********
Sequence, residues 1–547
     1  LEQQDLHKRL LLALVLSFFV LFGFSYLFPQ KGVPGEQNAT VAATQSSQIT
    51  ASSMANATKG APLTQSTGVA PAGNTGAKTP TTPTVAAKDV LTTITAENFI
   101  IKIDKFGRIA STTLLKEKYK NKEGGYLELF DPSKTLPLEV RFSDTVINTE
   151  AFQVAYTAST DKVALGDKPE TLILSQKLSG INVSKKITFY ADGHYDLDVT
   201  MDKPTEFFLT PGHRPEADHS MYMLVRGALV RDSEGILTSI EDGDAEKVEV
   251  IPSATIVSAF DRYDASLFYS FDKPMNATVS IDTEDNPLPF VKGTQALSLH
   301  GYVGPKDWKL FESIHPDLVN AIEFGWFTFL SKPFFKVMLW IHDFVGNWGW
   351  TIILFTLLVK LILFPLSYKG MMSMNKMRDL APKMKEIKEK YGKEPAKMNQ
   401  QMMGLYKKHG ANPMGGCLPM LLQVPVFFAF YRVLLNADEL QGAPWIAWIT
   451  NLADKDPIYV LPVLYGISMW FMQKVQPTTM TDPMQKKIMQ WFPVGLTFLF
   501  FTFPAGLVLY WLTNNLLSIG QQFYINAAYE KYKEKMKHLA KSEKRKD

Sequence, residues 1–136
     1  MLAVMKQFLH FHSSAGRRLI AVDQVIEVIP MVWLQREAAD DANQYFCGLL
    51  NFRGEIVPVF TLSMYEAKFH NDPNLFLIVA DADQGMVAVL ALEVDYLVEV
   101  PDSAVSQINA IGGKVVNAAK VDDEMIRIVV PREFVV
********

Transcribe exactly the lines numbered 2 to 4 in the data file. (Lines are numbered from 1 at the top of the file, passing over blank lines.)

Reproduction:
     1  LEQQDLHKRL LLALVLSFFV LFGFSYLFPQ KGVPGEQNAT VAATQSSQIT
    51  ASSMANATKG APLTQSTGVA PAGNTGAKTP TTPTVAAKDV LTTITAENFI
   101  IKIDKFGRIA STTLLKEKYK NKEGGYLELF DPSKTLPLEV RFSDTVINTE